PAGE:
• Scenery. Likewise we crossed the Big Cypress park on 'one of America's most scenic highways', well...I can tell you that the highway from the Airport to Belmopan is more scenic, even despite the rubbish. 

  • The Keys (Cayes). We drove all the way down the US 1 Highway to Key West. I reckon that must have been one of the most expensive highways in the States but it felt like being on any other hardly notice the keys. It's much more exciting to take a water taxi and explore Caye Caulker or Tobacco Caye.

Agree? Don't agree? Anything to add anyone? Of course the real morale of my story is that we are just lucky devils to be able to experience the best of both worlds, and even more!

Wednesday, April 7, 2010

Funky Town

I remember my first time like it was yesterday. It was actually a few years ago, at the time I was living in Trinidad, and it was love at first sight. My first stay at South Beach, or SoBe, impressed me enough to mark the start of a life time long love relation with this fast, funky and fiery place. With its beautiful clean, white and wide beaches, its fancy Art Deco hotels and of course, its Show Off Boulevard better known as Ocean Drive. It’s the most “C&TBCn” kind of road I’ve ever seen, funkier than the Champs Elysees in Paris or Orchard Road in Singapore. Ocean Drive is one hundred percent about See and To Be Seen. But... you’ve got to have wheels. Preferably with fancy tire covers on a convertible sports car; Porches, Ferraris and Lotuses are plenty, but you can be equally cool on a bike, skate board or a pair of shiny roller skates.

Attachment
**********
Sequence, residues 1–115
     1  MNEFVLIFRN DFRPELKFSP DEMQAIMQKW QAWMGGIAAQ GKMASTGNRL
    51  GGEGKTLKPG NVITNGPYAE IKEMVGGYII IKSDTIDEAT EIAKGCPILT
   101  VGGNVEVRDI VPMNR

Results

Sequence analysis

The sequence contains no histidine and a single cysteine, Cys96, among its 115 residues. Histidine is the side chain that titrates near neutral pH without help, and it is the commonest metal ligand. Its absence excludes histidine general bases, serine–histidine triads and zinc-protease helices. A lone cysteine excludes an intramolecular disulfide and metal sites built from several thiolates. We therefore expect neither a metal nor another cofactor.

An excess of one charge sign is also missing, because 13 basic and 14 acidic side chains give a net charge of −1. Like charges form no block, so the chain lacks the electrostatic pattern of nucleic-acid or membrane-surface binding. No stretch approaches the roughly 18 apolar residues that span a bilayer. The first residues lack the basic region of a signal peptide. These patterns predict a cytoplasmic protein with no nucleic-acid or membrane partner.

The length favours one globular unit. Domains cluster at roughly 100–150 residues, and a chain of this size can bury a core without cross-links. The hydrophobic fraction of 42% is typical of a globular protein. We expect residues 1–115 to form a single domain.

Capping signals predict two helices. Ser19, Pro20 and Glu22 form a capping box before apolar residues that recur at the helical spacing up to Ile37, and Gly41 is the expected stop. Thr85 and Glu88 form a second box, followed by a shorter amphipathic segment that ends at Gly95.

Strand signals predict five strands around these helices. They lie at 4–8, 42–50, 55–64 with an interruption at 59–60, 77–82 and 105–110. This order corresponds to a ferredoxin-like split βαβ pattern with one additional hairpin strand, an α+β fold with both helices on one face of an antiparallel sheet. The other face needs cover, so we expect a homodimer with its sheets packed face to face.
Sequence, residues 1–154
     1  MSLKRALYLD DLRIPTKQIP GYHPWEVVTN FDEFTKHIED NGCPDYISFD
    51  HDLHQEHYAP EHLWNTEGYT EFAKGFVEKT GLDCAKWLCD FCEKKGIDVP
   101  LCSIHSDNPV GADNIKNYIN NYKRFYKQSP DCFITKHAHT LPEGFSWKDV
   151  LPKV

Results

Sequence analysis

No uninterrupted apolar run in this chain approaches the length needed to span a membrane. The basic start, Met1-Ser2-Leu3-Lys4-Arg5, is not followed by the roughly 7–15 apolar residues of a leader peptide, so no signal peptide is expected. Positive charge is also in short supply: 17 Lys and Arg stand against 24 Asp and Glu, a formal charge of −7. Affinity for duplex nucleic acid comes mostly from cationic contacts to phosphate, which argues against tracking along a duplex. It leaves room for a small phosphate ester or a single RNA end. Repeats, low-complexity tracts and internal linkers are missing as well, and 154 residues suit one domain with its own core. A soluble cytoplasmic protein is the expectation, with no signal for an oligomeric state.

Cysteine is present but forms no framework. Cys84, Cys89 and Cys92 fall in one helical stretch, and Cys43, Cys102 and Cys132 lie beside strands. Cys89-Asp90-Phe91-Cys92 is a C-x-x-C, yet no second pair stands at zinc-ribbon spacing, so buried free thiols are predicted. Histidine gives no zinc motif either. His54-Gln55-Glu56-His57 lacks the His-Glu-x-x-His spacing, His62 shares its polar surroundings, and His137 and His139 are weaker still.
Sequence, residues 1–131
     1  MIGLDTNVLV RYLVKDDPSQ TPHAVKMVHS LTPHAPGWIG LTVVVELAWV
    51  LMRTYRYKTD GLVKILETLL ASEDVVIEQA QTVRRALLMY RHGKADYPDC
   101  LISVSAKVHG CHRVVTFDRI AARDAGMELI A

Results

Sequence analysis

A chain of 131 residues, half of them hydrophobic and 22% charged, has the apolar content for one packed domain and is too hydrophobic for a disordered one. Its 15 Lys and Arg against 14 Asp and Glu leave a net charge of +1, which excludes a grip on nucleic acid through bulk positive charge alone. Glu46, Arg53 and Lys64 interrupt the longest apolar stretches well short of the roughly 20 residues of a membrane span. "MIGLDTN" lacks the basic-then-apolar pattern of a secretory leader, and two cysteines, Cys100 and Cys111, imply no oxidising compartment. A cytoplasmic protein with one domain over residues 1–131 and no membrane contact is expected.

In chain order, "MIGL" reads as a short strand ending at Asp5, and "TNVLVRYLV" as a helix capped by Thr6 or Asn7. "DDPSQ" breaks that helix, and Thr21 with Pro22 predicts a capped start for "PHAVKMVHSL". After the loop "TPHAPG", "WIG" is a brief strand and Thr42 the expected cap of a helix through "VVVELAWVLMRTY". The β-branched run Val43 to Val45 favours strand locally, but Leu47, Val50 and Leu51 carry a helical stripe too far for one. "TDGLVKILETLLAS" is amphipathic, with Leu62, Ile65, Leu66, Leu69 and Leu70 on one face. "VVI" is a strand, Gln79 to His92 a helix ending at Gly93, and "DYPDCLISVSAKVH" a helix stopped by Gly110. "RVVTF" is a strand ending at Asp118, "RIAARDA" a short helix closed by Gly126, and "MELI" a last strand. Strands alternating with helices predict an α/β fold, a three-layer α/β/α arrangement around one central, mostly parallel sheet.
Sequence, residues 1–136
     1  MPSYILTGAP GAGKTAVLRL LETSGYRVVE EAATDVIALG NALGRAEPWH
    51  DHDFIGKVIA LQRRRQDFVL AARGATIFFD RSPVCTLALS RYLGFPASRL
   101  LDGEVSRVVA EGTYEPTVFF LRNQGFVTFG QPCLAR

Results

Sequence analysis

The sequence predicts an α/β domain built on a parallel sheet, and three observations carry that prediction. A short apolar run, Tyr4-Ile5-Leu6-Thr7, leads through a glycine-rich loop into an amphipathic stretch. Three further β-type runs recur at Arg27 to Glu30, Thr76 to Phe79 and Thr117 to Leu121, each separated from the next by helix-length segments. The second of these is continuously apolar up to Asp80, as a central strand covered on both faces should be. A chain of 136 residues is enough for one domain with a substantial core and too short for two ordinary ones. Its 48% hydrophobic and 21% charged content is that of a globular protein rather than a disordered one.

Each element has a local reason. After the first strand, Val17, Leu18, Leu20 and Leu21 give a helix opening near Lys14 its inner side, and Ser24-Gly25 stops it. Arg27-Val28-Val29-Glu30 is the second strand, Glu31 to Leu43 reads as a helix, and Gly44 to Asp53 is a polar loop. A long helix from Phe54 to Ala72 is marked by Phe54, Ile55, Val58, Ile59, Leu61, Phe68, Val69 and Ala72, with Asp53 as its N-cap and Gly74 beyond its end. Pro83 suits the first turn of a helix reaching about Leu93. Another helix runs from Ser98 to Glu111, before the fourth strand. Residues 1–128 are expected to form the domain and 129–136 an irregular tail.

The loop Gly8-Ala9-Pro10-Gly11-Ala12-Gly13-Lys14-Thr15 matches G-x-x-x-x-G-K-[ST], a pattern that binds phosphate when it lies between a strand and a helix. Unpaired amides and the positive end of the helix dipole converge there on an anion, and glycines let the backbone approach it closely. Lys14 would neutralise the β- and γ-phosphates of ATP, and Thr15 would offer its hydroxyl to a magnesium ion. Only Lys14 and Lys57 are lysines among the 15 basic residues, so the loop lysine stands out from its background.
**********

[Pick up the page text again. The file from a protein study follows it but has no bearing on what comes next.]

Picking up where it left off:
It’s what I like most about South Beach: its relaxed yet energetic atmosphere. Everywhere you go you see active people. They follow Yoga classes on the beach, take their baby out jogging in its stroller, master the waves from underneath a mega kite or simply throw a Frisbee. We’re here for three days only, but we're all in for the game. When in Miami do as the Miamians, right? But by lack of wheels or a fancy kite we're taking the easy way out. We're running along Ocean Drive's walking path and the kids jump on the beach around their sand castle.Low tech but not 'low fun'. SoBe it.